The Art Of Presenting Data Attractively

by admin on July 19, 2011

The Art Of Presenting Data Attractively

One day I was surfing the web in search of new useful, interesting or simply amusing websites. Among others I came across one resource. I will not give its URL in order not to be accused of hidden promotion or counter-advertising. I can only say that the majority of the website content consisted of the variety of statistics about everything on the Earth. Biggest animals, most successful movies, longest buildings, top search terms and so on, and so forth The presented information seemed to be rather structured. It was divided into special categories like Animal world, Human actions. IT facts etc. where every separate record was given in the form of so called TOP 10. But I got completely lost in the abundance of the information. The reason is simple. There was nothing to catch my eye. Words, words and nothing but the words got me depressed. And I left the site though the information given really was interesting to me.

Some time later I started to think about the role visualization plays in our perception of the website.
It is widely known that the majority of the information we receive comes to our mind through images. The speed of visual data perception and adoption is much higher than in the case of mere text. No matter how unique is the content, plain figures enumeration without appropriate image support usually causes irritation and desire to get rid of the annoying factor. At the same time even simple small chart or diagram can make U-turn in the situation. So how this fact can be used to make people come, stay and above all return to your website?
For instance let’s take the websites of numerous banks, investment companies and financial corporations. In the conditions of the developing crisis they are obliged to fight for every existing or potential customer. So why not to represent so essential data of the infinite economic and financial indices, rates and values in the form of bar graph or histogram? They will display the entire picture to the clients as well as give the possibility to better data analysis.
The main goal of data visualization is to communicate information, but more efficiently, clearly and obviously than the simple words do. Today we have many tools to display data on the site. The best way to enter data to the content of the web site attractively and in eye-catching way is to use flash components. Most of them do not require installation, work with many scripting languages and run on most of the browsers and support dynamic update of data in XML format. The variety of colors, types of diagram and interactivity make them very good tool for creating scalable and completely adjustable charts and animated graphs.s.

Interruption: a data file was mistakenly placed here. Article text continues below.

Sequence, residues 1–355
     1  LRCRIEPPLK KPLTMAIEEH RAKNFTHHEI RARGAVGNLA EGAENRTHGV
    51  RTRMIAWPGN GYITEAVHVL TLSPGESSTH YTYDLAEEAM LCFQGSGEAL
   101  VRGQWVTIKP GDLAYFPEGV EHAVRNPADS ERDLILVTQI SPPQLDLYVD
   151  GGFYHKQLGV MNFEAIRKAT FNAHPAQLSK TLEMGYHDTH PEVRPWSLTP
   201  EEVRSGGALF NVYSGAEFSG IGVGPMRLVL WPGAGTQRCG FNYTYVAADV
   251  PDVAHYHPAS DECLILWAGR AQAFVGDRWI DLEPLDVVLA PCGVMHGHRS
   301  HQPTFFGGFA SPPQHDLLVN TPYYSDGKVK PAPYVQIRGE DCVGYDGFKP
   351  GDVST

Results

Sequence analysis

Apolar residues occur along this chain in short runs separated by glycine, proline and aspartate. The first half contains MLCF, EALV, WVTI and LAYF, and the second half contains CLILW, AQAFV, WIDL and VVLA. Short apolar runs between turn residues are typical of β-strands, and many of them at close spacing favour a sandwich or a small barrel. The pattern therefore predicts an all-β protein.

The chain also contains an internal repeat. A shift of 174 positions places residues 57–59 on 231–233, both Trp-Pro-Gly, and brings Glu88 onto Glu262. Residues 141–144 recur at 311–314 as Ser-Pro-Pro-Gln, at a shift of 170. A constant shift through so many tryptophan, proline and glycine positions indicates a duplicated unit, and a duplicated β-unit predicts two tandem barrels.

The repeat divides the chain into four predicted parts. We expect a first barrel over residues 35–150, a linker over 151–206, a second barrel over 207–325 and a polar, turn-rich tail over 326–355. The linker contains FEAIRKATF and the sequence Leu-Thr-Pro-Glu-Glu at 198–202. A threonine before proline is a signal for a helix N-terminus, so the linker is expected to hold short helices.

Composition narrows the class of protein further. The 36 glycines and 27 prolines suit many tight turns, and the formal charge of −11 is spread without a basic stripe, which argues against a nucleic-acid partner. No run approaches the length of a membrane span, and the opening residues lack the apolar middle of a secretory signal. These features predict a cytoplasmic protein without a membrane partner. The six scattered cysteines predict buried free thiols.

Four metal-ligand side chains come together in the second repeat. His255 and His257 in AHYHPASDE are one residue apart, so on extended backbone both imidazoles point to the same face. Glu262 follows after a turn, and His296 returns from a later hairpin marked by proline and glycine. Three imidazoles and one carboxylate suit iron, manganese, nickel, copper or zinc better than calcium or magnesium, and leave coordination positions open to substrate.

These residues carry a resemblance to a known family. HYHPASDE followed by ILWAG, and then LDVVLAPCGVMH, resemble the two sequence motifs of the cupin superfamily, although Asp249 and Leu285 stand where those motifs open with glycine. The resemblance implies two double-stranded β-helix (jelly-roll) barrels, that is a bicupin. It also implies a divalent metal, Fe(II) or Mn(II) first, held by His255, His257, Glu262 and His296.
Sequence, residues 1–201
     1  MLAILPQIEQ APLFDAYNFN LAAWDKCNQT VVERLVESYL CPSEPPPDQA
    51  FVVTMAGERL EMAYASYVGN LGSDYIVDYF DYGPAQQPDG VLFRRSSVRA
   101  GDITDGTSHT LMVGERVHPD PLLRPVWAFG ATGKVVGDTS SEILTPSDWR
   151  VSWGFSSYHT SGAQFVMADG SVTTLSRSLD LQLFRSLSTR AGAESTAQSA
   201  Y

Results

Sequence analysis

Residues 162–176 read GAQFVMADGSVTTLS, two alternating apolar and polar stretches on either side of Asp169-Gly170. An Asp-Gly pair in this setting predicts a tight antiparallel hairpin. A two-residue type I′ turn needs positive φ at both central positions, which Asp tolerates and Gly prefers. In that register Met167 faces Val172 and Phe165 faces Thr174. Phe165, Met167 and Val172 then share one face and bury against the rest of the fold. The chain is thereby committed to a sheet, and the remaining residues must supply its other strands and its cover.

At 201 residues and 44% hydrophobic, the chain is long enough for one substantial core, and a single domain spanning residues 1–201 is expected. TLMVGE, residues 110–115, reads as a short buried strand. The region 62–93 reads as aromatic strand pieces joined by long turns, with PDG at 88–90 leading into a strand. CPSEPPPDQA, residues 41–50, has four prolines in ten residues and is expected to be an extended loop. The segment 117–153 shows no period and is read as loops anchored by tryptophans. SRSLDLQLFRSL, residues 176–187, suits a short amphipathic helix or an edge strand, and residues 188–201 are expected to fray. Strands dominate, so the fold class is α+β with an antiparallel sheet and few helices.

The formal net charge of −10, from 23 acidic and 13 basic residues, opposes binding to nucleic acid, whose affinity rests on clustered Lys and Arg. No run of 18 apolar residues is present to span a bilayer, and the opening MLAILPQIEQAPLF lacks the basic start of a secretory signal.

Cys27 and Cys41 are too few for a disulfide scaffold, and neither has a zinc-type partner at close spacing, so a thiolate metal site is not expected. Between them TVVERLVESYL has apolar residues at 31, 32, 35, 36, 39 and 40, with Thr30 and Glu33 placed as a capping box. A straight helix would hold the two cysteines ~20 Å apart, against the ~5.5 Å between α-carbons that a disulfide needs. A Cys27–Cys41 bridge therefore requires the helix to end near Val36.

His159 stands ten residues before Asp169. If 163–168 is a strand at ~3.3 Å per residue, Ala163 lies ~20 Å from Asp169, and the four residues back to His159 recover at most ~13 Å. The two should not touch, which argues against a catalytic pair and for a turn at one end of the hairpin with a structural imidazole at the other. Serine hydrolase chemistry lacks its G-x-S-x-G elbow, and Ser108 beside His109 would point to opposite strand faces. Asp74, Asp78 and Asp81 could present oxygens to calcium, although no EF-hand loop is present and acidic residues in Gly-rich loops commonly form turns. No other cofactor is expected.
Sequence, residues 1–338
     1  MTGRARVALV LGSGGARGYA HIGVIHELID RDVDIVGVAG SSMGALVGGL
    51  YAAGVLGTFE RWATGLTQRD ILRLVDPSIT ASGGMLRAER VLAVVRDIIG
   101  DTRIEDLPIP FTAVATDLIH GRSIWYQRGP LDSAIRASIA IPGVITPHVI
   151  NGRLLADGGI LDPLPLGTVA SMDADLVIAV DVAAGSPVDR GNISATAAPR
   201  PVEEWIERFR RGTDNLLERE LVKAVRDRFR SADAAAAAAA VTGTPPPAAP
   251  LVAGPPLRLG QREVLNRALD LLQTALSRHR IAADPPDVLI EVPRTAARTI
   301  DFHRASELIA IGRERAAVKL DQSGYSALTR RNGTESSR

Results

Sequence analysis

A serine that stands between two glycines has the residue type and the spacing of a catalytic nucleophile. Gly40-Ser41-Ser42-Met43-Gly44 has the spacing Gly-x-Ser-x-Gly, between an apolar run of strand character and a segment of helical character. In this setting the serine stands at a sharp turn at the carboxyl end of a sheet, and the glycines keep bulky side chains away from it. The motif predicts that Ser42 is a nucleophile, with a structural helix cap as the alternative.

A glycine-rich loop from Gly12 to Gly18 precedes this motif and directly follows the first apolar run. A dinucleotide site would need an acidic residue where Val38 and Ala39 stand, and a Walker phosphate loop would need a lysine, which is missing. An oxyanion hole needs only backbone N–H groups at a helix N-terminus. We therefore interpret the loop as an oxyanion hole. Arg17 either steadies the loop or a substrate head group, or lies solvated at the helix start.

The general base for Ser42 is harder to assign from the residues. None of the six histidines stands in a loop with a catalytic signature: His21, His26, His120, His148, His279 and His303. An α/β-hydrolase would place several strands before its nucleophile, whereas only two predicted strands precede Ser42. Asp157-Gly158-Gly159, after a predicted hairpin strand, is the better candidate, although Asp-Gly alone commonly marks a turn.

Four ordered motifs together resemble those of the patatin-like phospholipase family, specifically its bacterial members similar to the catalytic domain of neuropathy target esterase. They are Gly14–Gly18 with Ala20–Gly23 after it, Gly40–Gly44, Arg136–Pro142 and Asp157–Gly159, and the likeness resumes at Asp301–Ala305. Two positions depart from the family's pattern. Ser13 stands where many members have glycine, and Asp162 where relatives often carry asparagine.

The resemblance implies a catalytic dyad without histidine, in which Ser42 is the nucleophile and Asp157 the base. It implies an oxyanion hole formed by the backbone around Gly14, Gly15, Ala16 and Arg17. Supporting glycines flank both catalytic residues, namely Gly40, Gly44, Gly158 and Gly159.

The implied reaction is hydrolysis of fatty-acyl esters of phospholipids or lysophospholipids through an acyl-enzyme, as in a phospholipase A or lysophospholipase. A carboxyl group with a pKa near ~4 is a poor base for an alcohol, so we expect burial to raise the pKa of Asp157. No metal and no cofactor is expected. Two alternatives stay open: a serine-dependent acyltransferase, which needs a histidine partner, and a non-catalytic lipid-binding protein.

Today we could find plenty of flash chart and graph components for appropriate data visualization. We can name some of them.

Open Flash Chart (http://teethgrinder.co.uk/open-flash-chart) – is an open source project providing flash charts that can present data in a variety of formats. It has classes written in PHP, Perl, Python, Java, Ruby on Rails, and .Net. FusionCharts (http://www.InfoSoftGlobal.com/FusionCharts) – A Flash based 3D and 2D animated charting component with a number of options including AJAX/JavaScript integration. FlyCharts (http://flycharts.net) – highly functional and easy-to-use flash chart component. It is interactive, scalable and flexible with external JavaScript interface and DHTML Grid integration.

In fact, the list is almost endless and for sure can be added with such tools as SWF/XML Charts, AmCharts, AnyCharts, Google Chart API, etc.

Besides interactive charts displaying statistics and exact figures the website can be enhanced by different graphs, flowcharts and org charts. There are separate tools to implement this option such as Origramy Flash Graph Component or Gliffy.

Origramy Flash Graph Component (http://origramy.com) is a component designed for creating and viewing diagrams and graphs. The component has rich and intuitive multilingual interface, JavaScript support, several export formats and wide data organization ways. Gliffy (http://www.gliffy.com) is a free web-based diagram editor for creation and sharing flowcharts, network diagrams, user interface designs and other drawings online.

The usage of just one of these tools are surely catches the visitor’s attention and make them feel and understand what is hidden behind the figures and not to leave the site thereby.

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